Weekly News Roundup: The Connection Between Violence and Children’s Health

WEBINAR: Role of the Healthcare Provider in Treating Violence (Cure Violence Blog): Cure Violence Founder Dr. Gary Slutkin will discuss the role of the healthcare provider in treating violence as a contagious disease in a webinar sponsored by the American Academy of Pediatrics Medical Home for Children Exposed to Violence on January 23, 2014 from 12-1pm CST. Don’t miss out!

Much Has Been Done About Oakland Violence, But Much Left to Do (Contra Costa Times): In October 2012, our partners at the city of Oakland relaunched their Cure Violence modeled effort, CeaseFire. According to an op-ed in the Contra Costa Times, thus far, this effort resulted in a 50 percent decrease in homicides in the targeted neighborhoods (a critical factor in the overall city decrease of 28 percent).

The Surprising Ways the Weather Affects Your Health and Well-Being (Huffington Post): Weather makes a difference in the rates of violence. Cure Violence Data Analyst Charlie Ransford found “Shootings go way down in winter. There are half or less than half [the number of shootings] than there are in the summer time. Weather does make a difference. [With a] warmer Spring, its natural to think there will be an increase in homicides and shootings.”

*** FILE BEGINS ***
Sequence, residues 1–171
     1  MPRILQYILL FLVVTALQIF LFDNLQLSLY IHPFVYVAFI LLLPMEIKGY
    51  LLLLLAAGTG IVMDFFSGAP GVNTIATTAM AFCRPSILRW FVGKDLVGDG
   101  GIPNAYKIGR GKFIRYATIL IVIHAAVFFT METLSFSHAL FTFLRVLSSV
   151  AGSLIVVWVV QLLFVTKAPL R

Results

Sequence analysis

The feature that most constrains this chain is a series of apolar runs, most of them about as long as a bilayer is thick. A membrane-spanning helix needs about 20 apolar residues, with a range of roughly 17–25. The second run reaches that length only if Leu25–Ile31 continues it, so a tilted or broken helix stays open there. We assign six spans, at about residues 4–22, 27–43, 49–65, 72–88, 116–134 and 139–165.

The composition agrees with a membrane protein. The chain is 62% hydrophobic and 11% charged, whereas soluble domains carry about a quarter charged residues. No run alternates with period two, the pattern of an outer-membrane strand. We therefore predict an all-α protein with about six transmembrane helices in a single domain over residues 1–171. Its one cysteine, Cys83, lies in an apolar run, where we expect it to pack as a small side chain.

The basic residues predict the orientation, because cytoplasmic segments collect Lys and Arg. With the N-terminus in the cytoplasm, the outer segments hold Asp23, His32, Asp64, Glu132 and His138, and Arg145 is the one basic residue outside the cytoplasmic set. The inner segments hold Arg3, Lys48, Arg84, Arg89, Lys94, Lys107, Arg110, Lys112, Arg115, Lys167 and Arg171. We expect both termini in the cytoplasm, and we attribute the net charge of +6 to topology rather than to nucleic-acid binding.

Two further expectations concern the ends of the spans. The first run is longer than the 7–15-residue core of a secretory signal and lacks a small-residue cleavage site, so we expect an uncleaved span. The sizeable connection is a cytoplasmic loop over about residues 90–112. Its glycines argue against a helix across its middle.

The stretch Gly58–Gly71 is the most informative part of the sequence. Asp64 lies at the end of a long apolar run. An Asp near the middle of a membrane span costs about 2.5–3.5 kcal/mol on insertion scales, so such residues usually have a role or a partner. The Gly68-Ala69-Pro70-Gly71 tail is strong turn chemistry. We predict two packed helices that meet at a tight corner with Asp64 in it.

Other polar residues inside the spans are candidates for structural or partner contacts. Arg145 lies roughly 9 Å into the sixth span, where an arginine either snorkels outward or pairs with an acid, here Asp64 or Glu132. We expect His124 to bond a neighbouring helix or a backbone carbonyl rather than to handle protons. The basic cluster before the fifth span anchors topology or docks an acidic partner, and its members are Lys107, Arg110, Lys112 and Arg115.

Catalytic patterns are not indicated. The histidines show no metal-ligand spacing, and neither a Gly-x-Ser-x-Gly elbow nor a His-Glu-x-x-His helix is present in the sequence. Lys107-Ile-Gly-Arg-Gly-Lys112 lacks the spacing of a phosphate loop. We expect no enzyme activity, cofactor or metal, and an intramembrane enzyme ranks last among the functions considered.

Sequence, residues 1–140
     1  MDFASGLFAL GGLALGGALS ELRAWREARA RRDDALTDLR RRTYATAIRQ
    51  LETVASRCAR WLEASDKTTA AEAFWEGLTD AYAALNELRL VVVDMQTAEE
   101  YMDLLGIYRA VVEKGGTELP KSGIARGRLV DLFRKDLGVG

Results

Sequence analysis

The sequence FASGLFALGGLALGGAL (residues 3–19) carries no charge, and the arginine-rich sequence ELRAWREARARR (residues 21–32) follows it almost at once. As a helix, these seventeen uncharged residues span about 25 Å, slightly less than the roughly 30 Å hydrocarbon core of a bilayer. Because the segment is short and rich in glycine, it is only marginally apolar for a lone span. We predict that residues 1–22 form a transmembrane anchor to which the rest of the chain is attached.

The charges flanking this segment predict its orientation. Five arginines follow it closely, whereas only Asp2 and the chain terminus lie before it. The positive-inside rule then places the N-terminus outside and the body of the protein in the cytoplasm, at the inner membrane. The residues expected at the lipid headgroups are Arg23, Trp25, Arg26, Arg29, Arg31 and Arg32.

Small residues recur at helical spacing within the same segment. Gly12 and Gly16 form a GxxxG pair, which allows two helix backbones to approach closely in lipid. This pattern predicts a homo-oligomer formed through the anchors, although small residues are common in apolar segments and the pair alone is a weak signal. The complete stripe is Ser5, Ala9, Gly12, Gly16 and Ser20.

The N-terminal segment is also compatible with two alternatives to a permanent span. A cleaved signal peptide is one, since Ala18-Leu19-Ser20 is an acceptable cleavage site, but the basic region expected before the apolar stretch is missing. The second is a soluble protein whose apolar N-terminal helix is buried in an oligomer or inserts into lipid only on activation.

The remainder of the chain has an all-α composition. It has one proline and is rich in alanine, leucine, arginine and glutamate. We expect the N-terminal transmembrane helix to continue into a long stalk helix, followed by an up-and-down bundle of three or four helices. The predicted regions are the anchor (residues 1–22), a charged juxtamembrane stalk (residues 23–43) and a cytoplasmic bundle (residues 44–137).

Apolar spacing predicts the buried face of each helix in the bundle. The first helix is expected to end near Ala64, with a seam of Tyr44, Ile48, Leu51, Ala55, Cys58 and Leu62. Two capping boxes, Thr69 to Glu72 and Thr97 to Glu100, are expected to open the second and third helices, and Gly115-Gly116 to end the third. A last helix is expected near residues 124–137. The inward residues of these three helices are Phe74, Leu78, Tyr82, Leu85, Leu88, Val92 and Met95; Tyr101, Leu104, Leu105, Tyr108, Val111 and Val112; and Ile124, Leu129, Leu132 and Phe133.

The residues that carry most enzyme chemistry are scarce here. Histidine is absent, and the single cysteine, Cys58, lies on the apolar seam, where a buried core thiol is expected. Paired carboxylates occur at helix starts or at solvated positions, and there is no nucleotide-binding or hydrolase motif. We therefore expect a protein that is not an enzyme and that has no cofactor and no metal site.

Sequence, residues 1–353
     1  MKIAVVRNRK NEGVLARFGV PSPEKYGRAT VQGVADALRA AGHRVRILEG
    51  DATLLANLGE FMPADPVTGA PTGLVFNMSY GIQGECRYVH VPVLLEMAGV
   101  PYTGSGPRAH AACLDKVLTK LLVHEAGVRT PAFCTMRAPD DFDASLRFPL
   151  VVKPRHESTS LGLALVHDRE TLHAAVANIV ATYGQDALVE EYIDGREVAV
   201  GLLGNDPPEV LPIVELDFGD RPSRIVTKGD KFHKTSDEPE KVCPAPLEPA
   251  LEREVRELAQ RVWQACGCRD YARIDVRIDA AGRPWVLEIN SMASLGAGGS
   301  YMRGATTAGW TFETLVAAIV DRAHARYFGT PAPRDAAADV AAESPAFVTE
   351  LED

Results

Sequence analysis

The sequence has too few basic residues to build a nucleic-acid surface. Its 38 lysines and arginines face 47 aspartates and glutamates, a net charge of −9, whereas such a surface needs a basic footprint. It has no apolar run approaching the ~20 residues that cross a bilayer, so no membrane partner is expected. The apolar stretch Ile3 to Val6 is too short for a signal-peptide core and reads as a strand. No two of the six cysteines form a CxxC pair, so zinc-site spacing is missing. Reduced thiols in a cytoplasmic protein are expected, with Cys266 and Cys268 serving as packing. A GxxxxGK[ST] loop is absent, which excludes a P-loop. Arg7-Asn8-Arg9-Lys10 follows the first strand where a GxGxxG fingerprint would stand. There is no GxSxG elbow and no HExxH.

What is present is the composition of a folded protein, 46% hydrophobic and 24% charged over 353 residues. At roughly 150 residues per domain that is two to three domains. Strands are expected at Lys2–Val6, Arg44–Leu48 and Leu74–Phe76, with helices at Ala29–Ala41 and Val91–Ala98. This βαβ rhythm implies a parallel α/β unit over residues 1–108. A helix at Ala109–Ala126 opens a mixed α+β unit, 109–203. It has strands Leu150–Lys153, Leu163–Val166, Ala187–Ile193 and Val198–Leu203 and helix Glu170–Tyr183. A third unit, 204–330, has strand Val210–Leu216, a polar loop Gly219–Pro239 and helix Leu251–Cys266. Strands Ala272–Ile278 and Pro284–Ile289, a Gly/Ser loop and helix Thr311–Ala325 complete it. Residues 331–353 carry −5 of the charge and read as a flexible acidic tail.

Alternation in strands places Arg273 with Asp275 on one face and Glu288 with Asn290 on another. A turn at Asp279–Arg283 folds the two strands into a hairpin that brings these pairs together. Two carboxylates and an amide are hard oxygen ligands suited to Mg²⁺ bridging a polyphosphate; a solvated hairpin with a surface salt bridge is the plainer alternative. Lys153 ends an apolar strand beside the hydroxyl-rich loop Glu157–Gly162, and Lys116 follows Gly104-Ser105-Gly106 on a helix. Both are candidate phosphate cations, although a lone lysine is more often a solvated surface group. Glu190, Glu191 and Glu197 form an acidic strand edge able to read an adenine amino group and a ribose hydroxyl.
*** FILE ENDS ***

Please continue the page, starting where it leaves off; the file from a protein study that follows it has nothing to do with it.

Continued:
Maskwacis Youth and Crime Prevention Gets Funding (Wetaskiwin Times): The Canadian federal government announced almost $2.9 million for a new youth crime prevention program partially based on the Cure Violence model. The program will be used in Maskwacis, Alberta to deter and decrease conflict, gang, and gun violence.

Time to Act: Investing in the Health of Our Children and Communities (Robert Wood Johnson Foundation): Building resilient, healthier communities requires investing in innovative ideas like Cure Violence. Read the Robert Wood Johnson Foundation’s Commission for a Healthier America report to see their recommendations.

Viewpoints: Domestic Violence an Epidemic in California (The Sacramento Bee): An op-ed in The Sacremento Bee, Bess Bendet addresses the “hidden epidemic” of domestic violence in California—one of many forms of violence on the overall spectrum. Bendet calls on health care providers to be a bigger part of the solution in preventing and stopping this form of violence, and helping prevent the negative health outcomes experienced by those who are victims of it–including children exposed to the trauma of violence during some of the most formative years of their lives.